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Midori holds a place in the top rank of the world’s violinists. A former child prodigy, she has been a prolific performer and recording artist specializing in mainstream violin repertory from Bach to Bartók.
Midori Goto was born in Osaka, Japan, on October 25, 1971. From the age of three, she studied violin, at first on a 1/16 size instrument, with her mother, Setsu Goto, a violinist who had noticed the toddler singing melodies by Bach she had heard days earlier at a rehearsal. Midori made her concert debut in Osaka at six. She came to the U.S. in 1981, studying with Dorothy DeLay at the Aspen Music School and later the Juilliard School; a less direct mentor was Pinchas Zukerman. Midori made her debut at the New York Philharmonic’s New Year’s Eve concert in 1982 when she was ten. She charmed the crowd: a group of collectors loaned her an original Stradivarius instrument that she continues to play, and conductor Zubin Mehta invited her to tour Asia with the orchestra. The same year, she signed with CBS Masterworks (now Sony Classical), and her international career was launched. She dropped her surname after her parents’ divorce, briefly calling herself Mi Dori and then adopting the solid spelling. At 14, she landed on the front page of the New York Times after a performance with the Philharmonic in Central Park, and she benefited throughout her teen years from sympathetic press. She stunned both teachers and audiences with her mastery of some of the most difficult works in the violin repertory, including Paganini’s 24 Caprices for solo violin, Op. 1, which she recorded in 1988.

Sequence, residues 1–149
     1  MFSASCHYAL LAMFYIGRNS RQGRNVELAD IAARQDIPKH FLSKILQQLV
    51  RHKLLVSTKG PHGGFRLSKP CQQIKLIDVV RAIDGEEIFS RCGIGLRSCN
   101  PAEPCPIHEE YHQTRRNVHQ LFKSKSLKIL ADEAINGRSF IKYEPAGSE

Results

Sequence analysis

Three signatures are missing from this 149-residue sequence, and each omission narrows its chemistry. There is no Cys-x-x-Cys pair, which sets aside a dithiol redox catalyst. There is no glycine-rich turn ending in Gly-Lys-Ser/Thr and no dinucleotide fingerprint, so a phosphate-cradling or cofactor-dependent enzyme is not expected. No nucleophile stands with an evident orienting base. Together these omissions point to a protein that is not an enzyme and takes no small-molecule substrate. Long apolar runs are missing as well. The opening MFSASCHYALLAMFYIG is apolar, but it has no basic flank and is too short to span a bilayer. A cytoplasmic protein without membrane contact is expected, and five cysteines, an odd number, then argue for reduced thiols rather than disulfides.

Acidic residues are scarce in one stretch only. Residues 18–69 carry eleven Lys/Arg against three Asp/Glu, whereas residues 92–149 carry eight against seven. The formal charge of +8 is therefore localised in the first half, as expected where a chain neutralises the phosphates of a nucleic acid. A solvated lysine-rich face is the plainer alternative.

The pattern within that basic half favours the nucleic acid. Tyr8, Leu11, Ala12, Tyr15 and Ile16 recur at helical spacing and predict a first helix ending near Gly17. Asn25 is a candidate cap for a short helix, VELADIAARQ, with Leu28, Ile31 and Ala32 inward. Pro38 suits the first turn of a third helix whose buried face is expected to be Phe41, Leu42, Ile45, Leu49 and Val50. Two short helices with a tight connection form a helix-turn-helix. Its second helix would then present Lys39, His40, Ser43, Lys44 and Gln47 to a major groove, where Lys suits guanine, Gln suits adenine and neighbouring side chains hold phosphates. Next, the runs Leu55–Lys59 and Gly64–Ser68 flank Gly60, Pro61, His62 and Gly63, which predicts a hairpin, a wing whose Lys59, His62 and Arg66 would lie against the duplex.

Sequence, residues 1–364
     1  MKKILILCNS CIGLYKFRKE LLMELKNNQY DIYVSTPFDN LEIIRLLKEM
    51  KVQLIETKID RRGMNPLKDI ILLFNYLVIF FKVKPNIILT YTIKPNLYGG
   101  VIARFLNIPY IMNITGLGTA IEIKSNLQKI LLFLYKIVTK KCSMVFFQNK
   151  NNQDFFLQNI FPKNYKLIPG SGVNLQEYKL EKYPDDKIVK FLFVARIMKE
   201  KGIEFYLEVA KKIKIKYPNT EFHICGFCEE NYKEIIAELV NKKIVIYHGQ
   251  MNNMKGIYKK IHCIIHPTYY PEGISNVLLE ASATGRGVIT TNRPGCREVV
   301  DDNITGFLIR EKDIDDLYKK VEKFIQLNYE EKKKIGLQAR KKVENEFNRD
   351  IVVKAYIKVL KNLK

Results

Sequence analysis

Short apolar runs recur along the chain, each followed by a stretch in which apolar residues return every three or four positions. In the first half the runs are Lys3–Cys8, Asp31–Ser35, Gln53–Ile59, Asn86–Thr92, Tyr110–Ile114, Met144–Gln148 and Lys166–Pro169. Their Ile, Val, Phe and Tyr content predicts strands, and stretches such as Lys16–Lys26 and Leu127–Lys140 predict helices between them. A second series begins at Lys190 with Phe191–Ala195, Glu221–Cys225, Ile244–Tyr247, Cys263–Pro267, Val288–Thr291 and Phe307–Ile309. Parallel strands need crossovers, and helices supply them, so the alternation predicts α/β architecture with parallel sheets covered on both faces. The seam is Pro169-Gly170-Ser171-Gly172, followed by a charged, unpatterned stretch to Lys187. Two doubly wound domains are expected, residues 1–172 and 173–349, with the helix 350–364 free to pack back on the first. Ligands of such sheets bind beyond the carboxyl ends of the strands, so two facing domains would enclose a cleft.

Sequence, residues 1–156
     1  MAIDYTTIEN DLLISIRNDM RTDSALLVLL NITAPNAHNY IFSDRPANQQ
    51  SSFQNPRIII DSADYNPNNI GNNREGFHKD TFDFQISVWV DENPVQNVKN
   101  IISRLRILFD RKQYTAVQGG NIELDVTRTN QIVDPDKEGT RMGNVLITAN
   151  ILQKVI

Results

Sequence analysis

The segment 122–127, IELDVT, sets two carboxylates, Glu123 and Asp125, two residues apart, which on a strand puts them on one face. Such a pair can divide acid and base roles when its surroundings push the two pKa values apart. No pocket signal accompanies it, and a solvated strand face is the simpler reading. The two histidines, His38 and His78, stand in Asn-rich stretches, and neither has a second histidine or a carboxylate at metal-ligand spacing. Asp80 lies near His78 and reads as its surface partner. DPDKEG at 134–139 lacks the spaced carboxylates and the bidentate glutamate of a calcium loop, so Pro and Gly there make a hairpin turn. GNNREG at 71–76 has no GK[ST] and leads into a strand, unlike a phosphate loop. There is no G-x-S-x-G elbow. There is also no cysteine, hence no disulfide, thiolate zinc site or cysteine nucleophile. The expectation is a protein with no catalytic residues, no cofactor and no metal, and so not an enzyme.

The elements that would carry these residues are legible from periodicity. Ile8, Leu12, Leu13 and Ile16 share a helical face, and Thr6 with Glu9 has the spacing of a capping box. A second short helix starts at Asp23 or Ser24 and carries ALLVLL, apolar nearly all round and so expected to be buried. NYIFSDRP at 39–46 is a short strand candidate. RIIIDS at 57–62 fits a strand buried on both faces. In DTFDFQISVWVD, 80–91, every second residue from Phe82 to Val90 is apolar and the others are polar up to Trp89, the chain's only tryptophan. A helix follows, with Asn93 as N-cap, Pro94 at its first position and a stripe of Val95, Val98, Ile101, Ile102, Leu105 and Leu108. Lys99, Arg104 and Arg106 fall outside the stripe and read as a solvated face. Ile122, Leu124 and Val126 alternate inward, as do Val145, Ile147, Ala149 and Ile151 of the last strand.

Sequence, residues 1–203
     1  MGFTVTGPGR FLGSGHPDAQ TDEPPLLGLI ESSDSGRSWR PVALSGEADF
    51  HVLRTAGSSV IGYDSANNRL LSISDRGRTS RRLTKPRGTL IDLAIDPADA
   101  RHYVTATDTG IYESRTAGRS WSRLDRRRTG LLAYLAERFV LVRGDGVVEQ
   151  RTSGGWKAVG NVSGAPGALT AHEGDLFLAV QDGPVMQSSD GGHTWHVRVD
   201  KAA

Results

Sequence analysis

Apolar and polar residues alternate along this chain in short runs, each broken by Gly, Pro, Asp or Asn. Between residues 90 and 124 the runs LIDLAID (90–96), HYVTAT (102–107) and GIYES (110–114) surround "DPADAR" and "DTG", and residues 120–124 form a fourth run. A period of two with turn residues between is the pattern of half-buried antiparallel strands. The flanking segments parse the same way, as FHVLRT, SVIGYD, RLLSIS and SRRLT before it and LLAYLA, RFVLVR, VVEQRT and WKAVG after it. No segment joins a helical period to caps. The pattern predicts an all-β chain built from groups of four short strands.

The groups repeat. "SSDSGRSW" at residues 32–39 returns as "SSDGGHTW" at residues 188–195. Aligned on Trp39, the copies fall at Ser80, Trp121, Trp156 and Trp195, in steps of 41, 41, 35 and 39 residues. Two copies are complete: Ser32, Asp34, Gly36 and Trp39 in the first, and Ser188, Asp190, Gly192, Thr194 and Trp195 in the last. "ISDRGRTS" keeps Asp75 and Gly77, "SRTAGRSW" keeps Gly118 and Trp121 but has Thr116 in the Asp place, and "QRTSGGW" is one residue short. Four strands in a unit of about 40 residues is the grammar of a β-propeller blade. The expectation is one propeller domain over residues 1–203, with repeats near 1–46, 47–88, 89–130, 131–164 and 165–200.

Midori successfully left prodigy status behind and assumed a consistent position in the most prestigious group of international concert attractions. Often associated with Mehta at first, she has worked with other conductors and orchestras worldwide. A charismatic performer, Midori has for much of her career remained within the boundaries of the mainstream violin concerto repertoire from Bach to Bartók. She has gradually broadened her scope, however, first with recitals (her debut recital at Carnegie Hall in 1990 was recorded), and later with chamber music (her first tour as part of a trio came in 2008, with pianist Jonathan Biss and cellist Johannes Moser) and commissions for new works. In addition to her activities as a prominent performer, Midori has also founded and nurtured “Midori and Friends,” a nonprofit organization providing educational experiences and concerts for underprivileged and hospitalized children. By 2020, the program had benefited more than 250,000 students. She has supplanted it with a community-oriented chamber music organization called “Partners in Performance,” and a similar group in Japan called “Music Sharing.” Her work to promote classical music at the community level has taken her as far afield as Indonesia. Midori’s numerous awards include both musical and humanitarian honors. She was a winner of the Avery Fisher Prize in 2001, and in 2007, United Nations Secretary-General Ban Ki-Moon named her an official U.N. Messenger of Peace.
Midori has released more than 20 albums. In the late 2000s, she left Sony Classical, recording for Ondine, Onyx Classics (where she released a complete cycle of Bach's sonatas and partitas for solo violin in 2015), and other labels. In 2020, she moved to Warner Classics and recorded Beethoven's Violin Concerto in D major, Op. 61, for the first time. The holder of bachelor’s (magna cum laude, 2000) and master’s (2005) degrees in psychology from New York University, Midori has taught at the University of Southern California since 2005. In 2018, she joined the faculty at the Curtis Institute of Music in Philadelphia as well. ~ James Manheim